Labs responsible for tests nationwide now find themselves pummeled two-fold, Dr. Dwayne Breining, executive director of Northwell Labs, told ABC News.
"You've got more demand for tests from pushes to reopen -- plus a whole bunch of states now with increased demand because everybody's getting sick," Breining said. "It's like a double whammy. And unfortunately, I don't think we've hit the worst part of it yet."
'A delicate matter': Compromised tests cast doubt
Mitchell had already weathered a bout with coronavirus. Her first results returned "inconclusive." As her symptoms worsened, a retest confirmed what she already felt and feared: She was positive. Still in the process of recovery, she went back a third time to get tested.
"The mistake of another person like what happened with mine -- you want to extend grace to people, because they're trying to get as much done as fast as possible. But it's your life," Mitchell said.
"If a person is not getting their results, usually, there's a reason," Quest spokesperson Kimberley Gorode told ABC News. "And sometimes the reason is lost in translation. There are instances where a test can't be performed, or the specimen isn't collected properly, but we are double and triple-checking everything to make sure that we're on top of it, working 24/7 to get people results and to be accurate because we do understand how important this is."
LabCorp did not respond to specific questions regarding lost or mishandled tests, but a spokesperson emphasized in a statement there has been a "significant increase in demand and constraints in the availability of supplies and equipment," and that the company "continues to be committed to doing everything we can to respond to the health crisis."
Cases of compromised samples casting doubt on tests' validity have also emerged in Florida, where Saturday, total coronavirus cases statewide surpassed New York.
In late May, the Florida Division of Emergency Management announced they had been "made aware" that more than 1,700 coronavirus tests administered across the state had been damaged in transit.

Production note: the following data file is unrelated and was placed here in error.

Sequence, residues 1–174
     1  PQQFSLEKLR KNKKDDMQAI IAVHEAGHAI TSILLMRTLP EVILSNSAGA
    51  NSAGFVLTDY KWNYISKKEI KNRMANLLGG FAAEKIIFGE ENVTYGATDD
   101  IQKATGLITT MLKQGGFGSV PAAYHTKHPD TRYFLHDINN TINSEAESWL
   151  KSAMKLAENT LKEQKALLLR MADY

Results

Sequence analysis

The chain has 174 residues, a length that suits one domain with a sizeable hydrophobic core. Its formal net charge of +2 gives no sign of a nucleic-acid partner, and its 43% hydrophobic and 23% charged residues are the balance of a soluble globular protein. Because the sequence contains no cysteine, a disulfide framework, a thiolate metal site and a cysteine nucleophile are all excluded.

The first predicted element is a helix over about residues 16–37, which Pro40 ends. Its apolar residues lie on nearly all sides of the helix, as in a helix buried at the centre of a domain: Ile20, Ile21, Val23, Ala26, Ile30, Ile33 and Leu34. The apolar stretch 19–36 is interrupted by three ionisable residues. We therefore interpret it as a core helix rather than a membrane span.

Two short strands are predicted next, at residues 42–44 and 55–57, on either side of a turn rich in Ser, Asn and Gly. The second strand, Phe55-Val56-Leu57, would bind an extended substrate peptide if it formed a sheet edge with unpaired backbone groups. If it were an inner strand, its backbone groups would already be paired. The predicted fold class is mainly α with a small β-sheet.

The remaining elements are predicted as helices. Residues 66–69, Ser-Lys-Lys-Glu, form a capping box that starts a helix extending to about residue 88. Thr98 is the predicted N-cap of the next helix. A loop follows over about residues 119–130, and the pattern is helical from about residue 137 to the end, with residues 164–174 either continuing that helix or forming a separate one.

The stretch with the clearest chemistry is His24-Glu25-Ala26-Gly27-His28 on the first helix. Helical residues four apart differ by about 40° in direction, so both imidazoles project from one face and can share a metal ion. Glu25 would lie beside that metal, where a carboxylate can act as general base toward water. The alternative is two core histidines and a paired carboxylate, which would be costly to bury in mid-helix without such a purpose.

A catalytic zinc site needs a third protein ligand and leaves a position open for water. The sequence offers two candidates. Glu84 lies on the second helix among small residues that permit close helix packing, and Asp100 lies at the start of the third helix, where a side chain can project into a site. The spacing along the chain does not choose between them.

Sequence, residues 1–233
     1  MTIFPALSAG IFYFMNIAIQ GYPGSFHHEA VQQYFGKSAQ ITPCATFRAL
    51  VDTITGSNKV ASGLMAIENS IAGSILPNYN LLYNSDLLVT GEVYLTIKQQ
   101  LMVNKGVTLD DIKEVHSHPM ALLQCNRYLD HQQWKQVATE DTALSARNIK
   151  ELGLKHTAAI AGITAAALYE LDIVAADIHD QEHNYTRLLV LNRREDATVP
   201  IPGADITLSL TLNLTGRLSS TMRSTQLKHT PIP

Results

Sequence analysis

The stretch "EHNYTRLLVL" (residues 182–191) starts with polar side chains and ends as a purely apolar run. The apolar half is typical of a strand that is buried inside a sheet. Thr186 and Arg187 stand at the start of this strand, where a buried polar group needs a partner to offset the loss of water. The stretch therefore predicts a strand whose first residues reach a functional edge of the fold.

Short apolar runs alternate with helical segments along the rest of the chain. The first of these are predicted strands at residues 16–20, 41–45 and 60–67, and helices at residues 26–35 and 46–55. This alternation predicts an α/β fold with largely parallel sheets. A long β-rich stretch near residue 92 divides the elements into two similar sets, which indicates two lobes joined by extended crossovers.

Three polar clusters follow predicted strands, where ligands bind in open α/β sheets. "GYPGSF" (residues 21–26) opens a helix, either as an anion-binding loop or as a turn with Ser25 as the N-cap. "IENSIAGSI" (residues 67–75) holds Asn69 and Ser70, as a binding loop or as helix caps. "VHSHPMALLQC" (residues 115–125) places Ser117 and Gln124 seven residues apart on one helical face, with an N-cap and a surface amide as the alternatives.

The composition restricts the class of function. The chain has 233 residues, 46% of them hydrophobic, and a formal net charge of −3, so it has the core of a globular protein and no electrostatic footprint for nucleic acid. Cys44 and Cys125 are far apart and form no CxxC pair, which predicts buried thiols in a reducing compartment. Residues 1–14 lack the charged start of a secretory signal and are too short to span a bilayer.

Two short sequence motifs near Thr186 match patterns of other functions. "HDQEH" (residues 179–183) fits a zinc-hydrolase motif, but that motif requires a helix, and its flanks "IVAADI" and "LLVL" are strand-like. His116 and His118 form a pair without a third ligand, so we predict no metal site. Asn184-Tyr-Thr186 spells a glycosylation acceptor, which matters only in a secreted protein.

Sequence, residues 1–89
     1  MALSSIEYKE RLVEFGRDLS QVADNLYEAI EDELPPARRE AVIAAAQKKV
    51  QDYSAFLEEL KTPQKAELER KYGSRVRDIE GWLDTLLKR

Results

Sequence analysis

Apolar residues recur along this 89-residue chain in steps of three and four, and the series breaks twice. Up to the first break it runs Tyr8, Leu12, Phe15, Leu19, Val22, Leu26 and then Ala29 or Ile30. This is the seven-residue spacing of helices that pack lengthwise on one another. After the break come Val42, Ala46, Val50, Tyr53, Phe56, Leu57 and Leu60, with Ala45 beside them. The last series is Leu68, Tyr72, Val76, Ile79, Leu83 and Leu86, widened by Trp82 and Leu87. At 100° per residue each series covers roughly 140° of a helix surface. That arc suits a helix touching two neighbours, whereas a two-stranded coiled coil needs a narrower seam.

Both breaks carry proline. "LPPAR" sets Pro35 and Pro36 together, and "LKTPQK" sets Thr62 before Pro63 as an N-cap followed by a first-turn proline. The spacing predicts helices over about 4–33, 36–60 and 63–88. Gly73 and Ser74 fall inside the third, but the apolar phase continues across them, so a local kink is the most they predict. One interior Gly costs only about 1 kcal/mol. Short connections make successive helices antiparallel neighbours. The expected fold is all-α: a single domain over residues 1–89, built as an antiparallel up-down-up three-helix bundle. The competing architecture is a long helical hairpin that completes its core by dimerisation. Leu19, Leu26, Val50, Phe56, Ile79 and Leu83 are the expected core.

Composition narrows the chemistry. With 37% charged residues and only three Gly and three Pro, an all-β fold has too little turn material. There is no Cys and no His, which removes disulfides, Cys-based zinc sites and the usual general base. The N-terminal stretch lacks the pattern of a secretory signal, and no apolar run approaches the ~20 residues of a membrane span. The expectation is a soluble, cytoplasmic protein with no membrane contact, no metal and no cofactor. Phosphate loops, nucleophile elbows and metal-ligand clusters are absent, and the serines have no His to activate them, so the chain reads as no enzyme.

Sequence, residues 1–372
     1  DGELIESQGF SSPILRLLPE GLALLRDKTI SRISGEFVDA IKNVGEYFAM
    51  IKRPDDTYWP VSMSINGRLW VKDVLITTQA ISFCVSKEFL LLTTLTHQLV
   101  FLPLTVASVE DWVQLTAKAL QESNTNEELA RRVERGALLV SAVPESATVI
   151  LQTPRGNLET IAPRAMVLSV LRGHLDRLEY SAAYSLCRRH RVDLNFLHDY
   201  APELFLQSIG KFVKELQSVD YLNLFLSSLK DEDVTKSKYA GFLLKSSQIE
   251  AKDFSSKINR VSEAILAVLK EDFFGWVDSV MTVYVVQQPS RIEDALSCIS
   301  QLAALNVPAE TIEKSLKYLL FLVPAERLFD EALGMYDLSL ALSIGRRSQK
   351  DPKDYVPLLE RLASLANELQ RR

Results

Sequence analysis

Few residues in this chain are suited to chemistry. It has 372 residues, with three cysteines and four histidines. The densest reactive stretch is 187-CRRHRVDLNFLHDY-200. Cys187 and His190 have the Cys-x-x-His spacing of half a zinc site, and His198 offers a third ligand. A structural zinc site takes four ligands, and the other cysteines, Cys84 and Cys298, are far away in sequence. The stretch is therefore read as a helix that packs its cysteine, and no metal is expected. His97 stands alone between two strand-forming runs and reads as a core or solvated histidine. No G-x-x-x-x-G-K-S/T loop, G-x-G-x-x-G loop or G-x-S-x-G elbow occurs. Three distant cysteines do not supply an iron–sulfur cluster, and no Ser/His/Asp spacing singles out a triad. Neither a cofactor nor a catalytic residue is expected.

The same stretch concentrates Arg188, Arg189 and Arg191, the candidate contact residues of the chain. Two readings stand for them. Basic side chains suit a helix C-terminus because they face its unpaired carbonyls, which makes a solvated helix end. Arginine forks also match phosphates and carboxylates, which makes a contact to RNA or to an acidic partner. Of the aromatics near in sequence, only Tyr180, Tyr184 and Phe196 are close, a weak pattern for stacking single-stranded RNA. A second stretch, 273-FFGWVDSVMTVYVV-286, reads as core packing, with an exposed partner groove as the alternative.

"These individuals will be prioritized for retesting at the site where they were originally tested," the Division said a statement.
It directly followed AdventHealth, which operates 45 hospital campuses across the country, announcing they had canceled a contract with one of their partnered labs, citing a failure to fulfill its obligation and impacting over 25,000 tests in Central Florida. Another statement from the same day noted another 8,000 people had been impacted by a lab's issues throughout their West Florida division.
"This situation has created unacceptable delays, and we do not have confidence in the reliability of the tests," AdventHealth's statement read.
Behind the scenes, collecting and processing samples is an intricate process, trusted to and passed among multiple sets of hands, and often shipped cross-country, experts describe.
"It's a delicate matter," Dr. David Reich, president of Mount Sinai Hospital, told ABC News. "There are so many links in the chain and it's very easy for one of them to fail. It's logistically complex to do this well."
Samples must be kept in highly controlled conditions and shielded from any outside, compromising circumstances -- like extreme temperatures, said Wiley. As hotspots now flare in some of the hotter spots in the nation, keeping samples intact for hours and sometimes even days has proved challenging. In mid-June, more than 400 COVID-19 testing samples were not able to be processed after being exposed to heat, according to the D.C. Department of Health, Washington ABC affiliate WJLA reported.